This cartoon is based on Universal's Maw and Paw Kettle features. Maw and Paw and their kids live on a farm and can be described as a rural family with below average intelligence (their pet...
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This cartoon is based on Universal's Maw and Paw Kettle features. Maw and Paw and their kids live on a farm and can be described as a rural family with below average intelligence (their pet pig, Milford, is regarded in the opening titles as the "Smart One"). At dinner, Milford answers a phone-in quiz contest correctly and wins a new car for the family. The problem is no one in the family knows how to drive it (Maw thinks the antenna is a "new fangled clothesline"). Eventually, Milford goes for a joyride around the farm chasing most of the residents before finally crashing into a tree reducing it to the size of a Model-T. It is now the right size for the family!Written by
Matt Yorston <email@example.com>
The less than inspiring debut cartoon of Maw and Paw
Paul J. Smith is best known to me for his Chilly Willy and Woody Woodpecker cartoons. Both cartoons series saw a mix of good (great in the case, as far as he goes, of Chilly Willy's debut and Woody's 'Niagara Fools', two of the better "Walter Lantz Studios" cartoons of the 50s) cartoons, average ones and less than average ones.
Was curiously interested in seeing other cartoons of his and Walter Lantz studios not featuring either character, including lesser-known and short-lived characters like Sugarfoot the horse and Maw and Paw. Mainly to see if their cartoons were as bad as heard and whether one could see why the characters didn't last long. Saying that 'Maw and Paw' is one of the better "Lantz Studios" Maw and Paw cartoons is hardly an endorsement and one can see from their five cartoons why the characters and series were short-lived.
The best character in 'Maw and Paw' is actually the pig Milford, proof that one can say little or nothing and still compel and entertain in a scene-stealing sense. Milford is by far the most, the only in fact, interesting and funniest character here, also the most educated and intelligent (again the only one), and although he is a supporting character he felt much more like a lead.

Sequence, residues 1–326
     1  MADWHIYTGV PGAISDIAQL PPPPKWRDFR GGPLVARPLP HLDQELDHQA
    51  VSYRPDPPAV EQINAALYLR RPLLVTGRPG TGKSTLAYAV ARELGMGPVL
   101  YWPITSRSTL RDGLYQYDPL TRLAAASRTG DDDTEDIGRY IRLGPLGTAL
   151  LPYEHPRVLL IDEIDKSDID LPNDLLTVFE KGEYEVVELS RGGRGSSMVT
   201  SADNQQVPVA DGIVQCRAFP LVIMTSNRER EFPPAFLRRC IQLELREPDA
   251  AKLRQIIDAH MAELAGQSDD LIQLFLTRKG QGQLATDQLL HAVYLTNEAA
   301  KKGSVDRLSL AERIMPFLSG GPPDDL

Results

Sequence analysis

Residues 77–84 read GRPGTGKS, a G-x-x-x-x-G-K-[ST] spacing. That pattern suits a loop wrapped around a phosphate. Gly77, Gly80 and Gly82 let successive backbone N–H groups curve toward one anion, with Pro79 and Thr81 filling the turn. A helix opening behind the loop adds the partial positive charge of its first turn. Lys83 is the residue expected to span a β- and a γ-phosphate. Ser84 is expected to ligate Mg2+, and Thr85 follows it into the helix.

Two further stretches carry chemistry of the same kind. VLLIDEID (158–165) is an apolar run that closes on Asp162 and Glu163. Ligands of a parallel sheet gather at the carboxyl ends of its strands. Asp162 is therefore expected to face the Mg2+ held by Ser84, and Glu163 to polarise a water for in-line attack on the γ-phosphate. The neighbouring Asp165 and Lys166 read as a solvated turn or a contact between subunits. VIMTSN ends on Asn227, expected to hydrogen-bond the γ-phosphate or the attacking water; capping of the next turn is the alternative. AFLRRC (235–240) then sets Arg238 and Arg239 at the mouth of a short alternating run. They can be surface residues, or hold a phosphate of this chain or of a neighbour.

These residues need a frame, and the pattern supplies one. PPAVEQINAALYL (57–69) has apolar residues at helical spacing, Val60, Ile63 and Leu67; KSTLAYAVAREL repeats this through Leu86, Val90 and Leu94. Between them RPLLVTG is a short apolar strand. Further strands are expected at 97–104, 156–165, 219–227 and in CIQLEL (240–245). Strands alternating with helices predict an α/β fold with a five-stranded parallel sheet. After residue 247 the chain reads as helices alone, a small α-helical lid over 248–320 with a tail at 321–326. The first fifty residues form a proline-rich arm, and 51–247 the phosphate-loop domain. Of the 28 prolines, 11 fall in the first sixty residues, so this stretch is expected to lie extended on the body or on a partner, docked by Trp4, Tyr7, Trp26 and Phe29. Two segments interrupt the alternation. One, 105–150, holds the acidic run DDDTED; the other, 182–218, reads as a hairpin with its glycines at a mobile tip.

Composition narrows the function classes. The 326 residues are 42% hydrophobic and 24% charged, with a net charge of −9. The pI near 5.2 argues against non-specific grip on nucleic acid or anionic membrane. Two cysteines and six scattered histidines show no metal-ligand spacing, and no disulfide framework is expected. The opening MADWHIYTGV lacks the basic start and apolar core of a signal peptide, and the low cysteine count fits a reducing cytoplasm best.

He too has the best gag, where he pretends to drive a car in the kitchen. The telephone moment also comes off reasonably. The early barnyard setting is very detailed and beautiful-looking, while Clarence Wheeler's music score is very characterful with lots of energy and lush, clever use of orchestration. The voice actors do their best and do a professional job.
On the other hand, the character designs are scrappy and pretty ugly, sometimes repetitive too, particularly in the titular characters. Neither of the titular characters are particularly compelling, Paw's absent-mindedness and clumsiness is overdone while Maw is annoying and over-bearing, really disliked her over-the-top treatment of the rest of the characters. The children don't engage either and don't have an awful lot interesting to do.
Excepting a couple of amusing parts with Milford, the numerous gags suffer from less-than-sharp timing and not being very funny, not even reaching raise-a-small-smile-territory. The gag with Paw's nose getting stuck was repeated throughout the series and it wore well thin, especially when it was not funny the first time. 'Maw and Paw' is virtually plot-less, and that the cartoon is dull and mostly unfunny with unappealing characters (apart from one) makes it very difficult to get any kind of enjoyment out of it.
In conclusion, less than inspiring but not a complete mess. Milford saves it from being worse. 5/10 Bethany Cox
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